You may have heard about kids “growing up too fast” these days, and how children “aren’t allowed to be children” anymore, and if you take a moment to think about it, these statements are largely true. The evolution of the average lifestyle has had a dramatic effect on our kids’ afterschool activities, making them busier than ever. Surf excel’s Kids Today project, which spoke with and filmed the lives of children all over the world, has found that more than ever kids are bucking down to learn rather than play – as this video from the Surf excel Kids Today project shows:
Modern life is busy, even for our children. With government initiatives popping up all around the world that place great importance on academic learning, we’re starting to see the introduction of more structured play and structured activities. Even when it comes to things to do after school, reading, writing, jigsaws and tech toys are slowly but surely starting to overtake free, uninhibited play.
Why is Unstructured Play so Important?
It is vital that we find after school activities for kids that bring back the nature of play. Unstructured play encourages creativity and imagination, which is essential for healthy development, for maintaining strong family bonds, and for learning. Structured play, where there is a very definite outcome that children are encouraged to reach, promotes the notion that kids should always be aiming towards the destination, ignoring the journey. In truth, the journey – the way in which you achieve your goals and the lessons you learn along the road – is the most important aspect of living a happy life.
After School Activities for Children
If you’re looking for things to do after school that can really help your kids’ development without neglecting the important principles of freedom and fun, here are some great ideas to get you started:
When the weather is nice, take your kids to the local park after school, and simply let them run around, exploring the different trees, plants, flowers, and wildlife. Research by the University of Pennsylvania in the US claims that unstructured nature activities improve “cognitive, behavioural, and even physical functioning”. By gaining first-hand experience of the world at their own pace, kids can learn much more about local nature than they could from a textbook.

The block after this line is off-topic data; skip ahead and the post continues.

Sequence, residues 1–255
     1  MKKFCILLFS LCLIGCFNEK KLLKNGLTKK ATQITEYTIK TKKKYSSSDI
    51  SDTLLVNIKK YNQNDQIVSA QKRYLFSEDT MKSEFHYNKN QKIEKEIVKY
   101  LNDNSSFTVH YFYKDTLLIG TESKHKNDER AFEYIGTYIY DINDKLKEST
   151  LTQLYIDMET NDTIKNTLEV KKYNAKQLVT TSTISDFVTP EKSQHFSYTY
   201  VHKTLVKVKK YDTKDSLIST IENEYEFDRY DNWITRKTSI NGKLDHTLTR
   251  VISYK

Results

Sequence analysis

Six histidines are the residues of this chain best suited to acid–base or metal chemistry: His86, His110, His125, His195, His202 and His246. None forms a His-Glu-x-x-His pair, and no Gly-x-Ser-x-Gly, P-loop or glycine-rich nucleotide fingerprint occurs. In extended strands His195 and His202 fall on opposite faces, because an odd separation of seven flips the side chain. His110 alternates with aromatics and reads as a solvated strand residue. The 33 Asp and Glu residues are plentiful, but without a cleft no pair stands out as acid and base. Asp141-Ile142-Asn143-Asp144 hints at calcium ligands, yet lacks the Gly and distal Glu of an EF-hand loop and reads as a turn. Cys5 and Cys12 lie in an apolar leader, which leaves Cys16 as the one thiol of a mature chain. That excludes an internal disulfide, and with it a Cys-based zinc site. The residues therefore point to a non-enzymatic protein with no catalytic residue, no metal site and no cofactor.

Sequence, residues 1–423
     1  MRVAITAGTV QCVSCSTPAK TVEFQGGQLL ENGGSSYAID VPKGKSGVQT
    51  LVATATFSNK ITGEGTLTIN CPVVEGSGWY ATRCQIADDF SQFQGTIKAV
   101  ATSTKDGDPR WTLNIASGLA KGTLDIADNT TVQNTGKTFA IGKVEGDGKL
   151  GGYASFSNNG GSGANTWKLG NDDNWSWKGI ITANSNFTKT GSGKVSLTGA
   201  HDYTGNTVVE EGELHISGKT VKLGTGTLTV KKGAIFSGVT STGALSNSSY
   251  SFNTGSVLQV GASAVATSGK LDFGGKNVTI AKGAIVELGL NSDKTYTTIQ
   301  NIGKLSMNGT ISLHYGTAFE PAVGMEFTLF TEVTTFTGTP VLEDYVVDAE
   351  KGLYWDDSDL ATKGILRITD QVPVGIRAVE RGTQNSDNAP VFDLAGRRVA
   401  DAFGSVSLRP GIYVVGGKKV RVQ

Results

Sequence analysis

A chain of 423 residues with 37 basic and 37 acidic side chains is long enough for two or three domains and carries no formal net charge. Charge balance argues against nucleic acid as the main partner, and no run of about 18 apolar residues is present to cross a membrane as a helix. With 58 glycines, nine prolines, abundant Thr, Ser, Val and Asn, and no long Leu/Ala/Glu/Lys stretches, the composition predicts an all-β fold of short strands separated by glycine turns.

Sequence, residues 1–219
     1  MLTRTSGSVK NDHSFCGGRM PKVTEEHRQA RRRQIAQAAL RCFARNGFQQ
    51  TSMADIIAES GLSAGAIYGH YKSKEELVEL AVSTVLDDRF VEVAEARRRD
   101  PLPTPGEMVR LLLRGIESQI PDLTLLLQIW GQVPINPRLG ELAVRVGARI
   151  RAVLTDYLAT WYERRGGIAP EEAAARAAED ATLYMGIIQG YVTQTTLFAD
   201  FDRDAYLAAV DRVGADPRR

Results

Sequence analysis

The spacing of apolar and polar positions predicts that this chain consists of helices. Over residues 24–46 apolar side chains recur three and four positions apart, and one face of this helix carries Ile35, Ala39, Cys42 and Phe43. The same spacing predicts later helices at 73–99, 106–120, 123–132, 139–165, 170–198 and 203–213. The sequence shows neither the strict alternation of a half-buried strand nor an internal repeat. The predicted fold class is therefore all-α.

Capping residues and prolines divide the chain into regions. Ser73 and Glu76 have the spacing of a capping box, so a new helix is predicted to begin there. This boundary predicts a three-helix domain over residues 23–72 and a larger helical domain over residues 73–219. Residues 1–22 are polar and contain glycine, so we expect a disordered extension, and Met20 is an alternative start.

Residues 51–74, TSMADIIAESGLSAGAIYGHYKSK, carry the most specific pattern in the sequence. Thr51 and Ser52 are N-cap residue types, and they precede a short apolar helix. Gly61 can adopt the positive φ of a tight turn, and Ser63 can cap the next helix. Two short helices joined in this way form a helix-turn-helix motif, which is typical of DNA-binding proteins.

With many of us leading busy lifestyles, it’s very tempting to purchase tech toys for our kids. Mini computers, which give children specific tasks to complete, are popular ways to keep kids occupied. This places unnecessary importance on the notion of goals. For younger kids, try introducing toys that encourage role play. Not only does it allow your little one to unleash their imagination, the creative thinking involved in role play can help them in their real lives, allowing them to test-drive scenarios and social situations. Offer your child some building blocks, a doll, or even a pan from your kitchen with some uncooked noodles, and you’ll be amazed at how quickly they will come up with a story!
Drawing and painting are, perhaps, two of the most open-ended after school activities for children. Forget using paper with templates on; just offer a blank page and see what your children can produce. They’re probably more creative than you think! If you’re worried about stains, you can even make your own paint using cornflour, water, and food colouring – it washes out easily. Unstructured play is becoming a hot topic at the moment, as more and more parents strive to offer a wider range of open-ended activities that encourage development. So what after school activities have you tried so far? Share your ideas below!